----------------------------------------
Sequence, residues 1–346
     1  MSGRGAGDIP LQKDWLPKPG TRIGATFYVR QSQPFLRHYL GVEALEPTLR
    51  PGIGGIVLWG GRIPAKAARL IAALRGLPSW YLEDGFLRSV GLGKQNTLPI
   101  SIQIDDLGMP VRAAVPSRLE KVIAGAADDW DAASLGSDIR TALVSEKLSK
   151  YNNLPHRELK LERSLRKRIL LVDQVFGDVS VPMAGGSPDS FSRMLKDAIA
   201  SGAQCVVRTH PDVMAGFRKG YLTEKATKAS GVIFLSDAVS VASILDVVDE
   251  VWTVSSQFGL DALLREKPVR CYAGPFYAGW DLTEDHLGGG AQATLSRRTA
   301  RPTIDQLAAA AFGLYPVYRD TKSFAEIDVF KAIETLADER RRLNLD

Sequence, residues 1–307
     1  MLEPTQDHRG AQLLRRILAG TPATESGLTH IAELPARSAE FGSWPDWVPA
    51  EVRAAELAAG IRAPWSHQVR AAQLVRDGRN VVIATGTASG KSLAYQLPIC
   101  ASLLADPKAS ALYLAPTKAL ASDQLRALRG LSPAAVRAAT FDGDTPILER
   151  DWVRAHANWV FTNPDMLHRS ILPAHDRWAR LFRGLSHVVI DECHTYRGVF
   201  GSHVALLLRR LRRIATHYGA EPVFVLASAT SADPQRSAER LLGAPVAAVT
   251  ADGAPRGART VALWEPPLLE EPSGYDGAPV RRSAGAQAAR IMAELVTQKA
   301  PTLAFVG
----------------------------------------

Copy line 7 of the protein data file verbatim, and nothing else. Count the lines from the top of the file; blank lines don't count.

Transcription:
   251  VWTVSSQFGL DALLREKPVR CYAGPFYAGW DLTEDHLGGG AQATLSRRTA